Article  PubMed  Google Scholar 

  15. Tang LJ, Gu CL, Zhang P. Intraocular lymphoma. Int J Ophthalmol. 2017;10(8):1301–7.

    Article  PubMed  PubMed Central  Google Scholar 

  16. Sagoo MS, et al. Primary intraocular lymphoma. Surv Ophthalmol. 2014;59(5):503–16.

    Article  PubMed  Google Scholar 

  17. Grimm SA, et al. Primary intraocular lymphoma: an International Primary Central Nervous System Lymphoma Collaborative Group Report. Ann Oncol. 2007;18(11):1851–5.

    Article  CAS  PubMed  Google Scholar 

  18. Soussain C, Malaise D, Cassoux N. Primary vitreoretinal lymphoma: a diagnostic and management challenge. Blood. 2021;138(17):1519–34.

    Article  CAS  PubMed  Google Scholar 

  19. Coupland SE, et al. Evaluation of vitrectomy specimens and chorioretinal biopsies in the diagnosis of primary intraocular lymphoma in patients with Masquerade syndrome. Graefes Arch Clin Exp Ophthalmol. 2003;241(10):860–70.

    Article  PubMed  Google Scholar 

  20. Sugita S, et al. Diagnosis of intraocular lymphoma by polymerase chain reaction analysis and cytokine profiling of the vitreous fluid. Jpn J Ophthalmol. 2009;53(3):209–14.

    Article  CAS  PubMed  Google Scholar 

  21. Hoang-Xuan K, et al. Diagnosis and treatment of primary CNS lymphoma in immunocompetent patients: guidelines from the European Association for Neuro-Oncology. Lancet Oncol. 2015;16(7):e322-32.

    Article  PubMed  Google Scholar 

  22. Xiao M, et al. The incidence and survival outcomes of patients with primary cardiac lymphoma: A SEER-based analysis. Hematol Oncol. 2020;38(3):334–43.

    Article  CAS  PubMed  Google Scholar 

  23. Lin S, et al. Clinicopathological characteristics and survival outcomes in breast carcinosarcoma: A SEER population-based study. Breast. 2020;49:157–64.

    Article  CAS  PubMed  Google Scholar 

  24. Surveillance, Epidemiology, and End Results (SEER) Program ( SEER*Stat Database: Incidence - SEER Research Plus Data, 18 Registries, Nov 2020 Sub (2000–2018) - Linked To County Attributes - Total U.S., 1969–2019 Counties, National Cancer Institute, DCCPS, Surveillance Research Program, released April 2021, based on the November 2020 submission.

  25. Surveillance, Epidemiology, and End Results (SEER) Program ( SEER*Stat Database: Incidence - SEER Research Plus Data, 13 Registries, Nov 2020 Sub (1992–2018) - Linked To County Attributes - Total U.S., 1969–2019 Counties, National Cancer Institute, DCCPS, Surveillance Research Program, released April 2021, based on the November 2020 submission.

  26. Mochizuki M, Singh AD. Epidemiology and clinical features of intraocular lymphoma. Ocul Immunol Inflamm. 2009;17(2):69–72.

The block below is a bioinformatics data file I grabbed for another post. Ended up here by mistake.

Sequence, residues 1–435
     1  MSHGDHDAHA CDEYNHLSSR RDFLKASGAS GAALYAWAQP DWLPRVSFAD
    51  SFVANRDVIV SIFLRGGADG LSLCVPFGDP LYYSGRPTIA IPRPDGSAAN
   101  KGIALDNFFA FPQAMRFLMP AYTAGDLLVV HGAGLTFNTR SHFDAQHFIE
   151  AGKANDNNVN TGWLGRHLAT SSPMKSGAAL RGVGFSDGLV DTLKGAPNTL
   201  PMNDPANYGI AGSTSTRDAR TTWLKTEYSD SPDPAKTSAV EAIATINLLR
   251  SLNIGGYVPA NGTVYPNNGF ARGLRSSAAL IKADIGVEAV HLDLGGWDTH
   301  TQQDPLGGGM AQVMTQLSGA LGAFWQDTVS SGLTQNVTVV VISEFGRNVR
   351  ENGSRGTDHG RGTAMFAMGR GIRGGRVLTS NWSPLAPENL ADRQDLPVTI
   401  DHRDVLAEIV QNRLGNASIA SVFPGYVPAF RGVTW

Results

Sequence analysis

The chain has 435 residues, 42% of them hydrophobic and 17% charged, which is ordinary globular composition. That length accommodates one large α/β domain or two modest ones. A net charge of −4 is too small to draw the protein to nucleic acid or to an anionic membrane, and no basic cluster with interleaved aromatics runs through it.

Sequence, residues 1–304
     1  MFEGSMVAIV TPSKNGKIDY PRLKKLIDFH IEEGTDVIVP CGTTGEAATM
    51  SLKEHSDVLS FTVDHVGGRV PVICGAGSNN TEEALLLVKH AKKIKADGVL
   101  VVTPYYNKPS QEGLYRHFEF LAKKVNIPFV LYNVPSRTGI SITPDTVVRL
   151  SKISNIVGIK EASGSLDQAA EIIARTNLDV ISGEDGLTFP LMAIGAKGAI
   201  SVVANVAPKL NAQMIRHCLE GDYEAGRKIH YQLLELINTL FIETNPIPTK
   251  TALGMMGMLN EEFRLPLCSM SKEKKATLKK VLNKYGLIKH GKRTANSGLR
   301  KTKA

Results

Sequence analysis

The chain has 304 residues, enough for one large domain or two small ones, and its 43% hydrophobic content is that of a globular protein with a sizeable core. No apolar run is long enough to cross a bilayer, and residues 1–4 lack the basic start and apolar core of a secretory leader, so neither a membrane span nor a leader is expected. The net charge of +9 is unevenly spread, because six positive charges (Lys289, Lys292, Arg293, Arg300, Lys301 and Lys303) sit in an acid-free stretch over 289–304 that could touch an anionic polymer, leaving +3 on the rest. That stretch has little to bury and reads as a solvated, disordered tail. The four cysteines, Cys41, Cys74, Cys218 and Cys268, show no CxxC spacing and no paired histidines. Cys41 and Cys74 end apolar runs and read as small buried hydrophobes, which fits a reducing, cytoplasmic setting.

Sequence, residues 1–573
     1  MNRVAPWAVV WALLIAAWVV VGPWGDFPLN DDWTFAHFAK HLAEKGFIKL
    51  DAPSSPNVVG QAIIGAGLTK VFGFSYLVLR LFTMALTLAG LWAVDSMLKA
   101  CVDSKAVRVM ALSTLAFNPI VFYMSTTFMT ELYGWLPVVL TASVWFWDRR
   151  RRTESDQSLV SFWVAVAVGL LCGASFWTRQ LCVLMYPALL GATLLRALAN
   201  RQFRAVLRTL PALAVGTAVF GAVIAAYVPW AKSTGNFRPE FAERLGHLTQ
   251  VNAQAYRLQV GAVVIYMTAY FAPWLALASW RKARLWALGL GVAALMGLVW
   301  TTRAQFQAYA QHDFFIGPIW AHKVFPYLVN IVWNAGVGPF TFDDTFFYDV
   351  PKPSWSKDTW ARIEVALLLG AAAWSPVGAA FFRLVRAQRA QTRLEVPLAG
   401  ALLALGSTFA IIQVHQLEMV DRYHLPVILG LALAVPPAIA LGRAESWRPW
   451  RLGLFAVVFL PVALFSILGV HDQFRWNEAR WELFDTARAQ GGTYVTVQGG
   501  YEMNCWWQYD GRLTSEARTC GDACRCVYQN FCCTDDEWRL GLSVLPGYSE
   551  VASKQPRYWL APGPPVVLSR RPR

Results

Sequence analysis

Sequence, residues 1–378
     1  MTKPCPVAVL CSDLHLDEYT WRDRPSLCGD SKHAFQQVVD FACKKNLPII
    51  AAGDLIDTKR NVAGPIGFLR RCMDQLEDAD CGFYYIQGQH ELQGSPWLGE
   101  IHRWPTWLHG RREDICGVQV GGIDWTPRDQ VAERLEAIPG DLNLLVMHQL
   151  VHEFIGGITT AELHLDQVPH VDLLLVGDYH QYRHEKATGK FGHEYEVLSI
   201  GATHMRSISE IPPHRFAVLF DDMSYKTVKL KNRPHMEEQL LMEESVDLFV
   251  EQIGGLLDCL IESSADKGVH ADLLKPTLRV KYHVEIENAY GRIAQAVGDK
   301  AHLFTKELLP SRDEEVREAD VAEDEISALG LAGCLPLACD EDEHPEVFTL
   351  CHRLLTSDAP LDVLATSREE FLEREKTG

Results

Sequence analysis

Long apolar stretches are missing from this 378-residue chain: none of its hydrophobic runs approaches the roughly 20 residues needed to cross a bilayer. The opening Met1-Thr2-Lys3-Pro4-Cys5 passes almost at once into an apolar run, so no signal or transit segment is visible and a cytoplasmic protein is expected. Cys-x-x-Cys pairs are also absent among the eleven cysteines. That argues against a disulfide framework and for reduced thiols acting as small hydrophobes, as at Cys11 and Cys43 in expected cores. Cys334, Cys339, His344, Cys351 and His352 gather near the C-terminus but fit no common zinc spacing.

Article  PubMed  Google Scholar 

  27. Daras M, DeAngelis LM. Management of elderly patients with primary central nervous system lymphoma. Curr Neurol Neurosci Rep. 2013;13(5):344.

    Article  CAS  PubMed  Google Scholar 

  28. Siegal T, Bairey O. Primary CNS Lymphoma in the Elderly: The Challenge. Acta Haematol. 2019;141(3):138–45.

    Article  CAS  PubMed  Google Scholar 

  29. Hormigo A, et al. Ocular presentation of primary central nervous system lymphoma: diagnosis and treatment. Br J Haematol. 2004;126(2):202–8.

    Article  PubMed  Google Scholar 

  30. Chiappella A, et al. Diffuse Large B-cell Lymphoma in the elderly: standard treatment and new perspectives. Expert Rev Hematol. 2017;10(4):289–97.

    Article  CAS  PubMed  Google Scholar 

  31. Coupland SE, et al. Diagnosis of a primary uveal extranodal marginal zone B-cell lymphoma by chorioretinal biopsy: case report. Graefes Arch Clin Exp Ophthalmol. 2005;243(5):482–6.

    Article  PubMed  Google Scholar 

  32. Cockerham GC, et al. Re-evaluation of “reactive lymphoid hyperplasia of the uvea”: an immunohistochemical and molecular analysis of 10 cases. Ophthalmology. 2000;107(1):151–8.

    Article  CAS  PubMed  Google Scholar 

  33. Coupland SE, Heimann H, Bechrakis NE. Primary intraocular lymphoma: a review of the clinical, histopathological and molecular biological features. Graefes Arch Clin Exp Ophthalmol. 2004;242(11):901–13.

    Article  PubMed  Google Scholar 

  34. Coupland SE, Damato B. Understanding intraocular lymphomas. Clin Exp Ophthalmol. 2008;36(6):564–78.

    Article  PubMed  Google Scholar 

  35. British Neuro-Oncology Society; National Cancer Action Team. Rare Brain and CNS Tumours Guidelines: Guidelines on the Diagnosis and Management of Adult Pineal Area Tumours. Published June 2011. Accessed 6 Apr 2016.

  36. Davis JL. Intraocular lymphoma: a clinical perspective. Eye (Lond). 2013;27(2):153–62.

    Article  CAS  PubMed  Google Scholar 

  37. Isobe K, et al. Treatment of primary intraocular lymphoma with radiation therapy: a multi-institutional survey in Japan. Leuk Lymphoma. 2006;47(9):1800–5.

    Article  PubMed  Google Scholar 

  38. Fishburne BC, et al. Intravitreal methotrexate as an adjunctive treatment of intraocular lymphoma. Arch Ophthalmol. 1997;115(9):1152–6.

    Article  CAS  PubMed  Google Scholar 

  39. Frenkel S, et al. Intravitreal methotrexate for treating vitreoretinal lymphoma: 10 years of experience. Br J Ophthalmol. 2008;92(3):383–8.

    Article  CAS  PubMed  Google Scholar 

  40. Pulido JS, et al. The diagnosis and treatment of primary vitreoretinal lymphoma: a review. Int J Retina Vitreous. 2018;4:18.

    Article  PubMed  PubMed Central  Google Scholar 

  41. Klimova A, et al. Combined treatment of primary vitreoretinal lymphomas significantly prolongs the time to first relapse. Br J Ophthalmol. 2018;102(11):1579–85.

    Article  PubMed  Google Scholar 

  42. Di Y, et al. Clinical features and treatment outcomes of intraocular lymphoma: a single-center experience in China. Int J Ophthalmol. 2021;14(4):574–81.

    Article  PubMed  PubMed Central  Google Scholar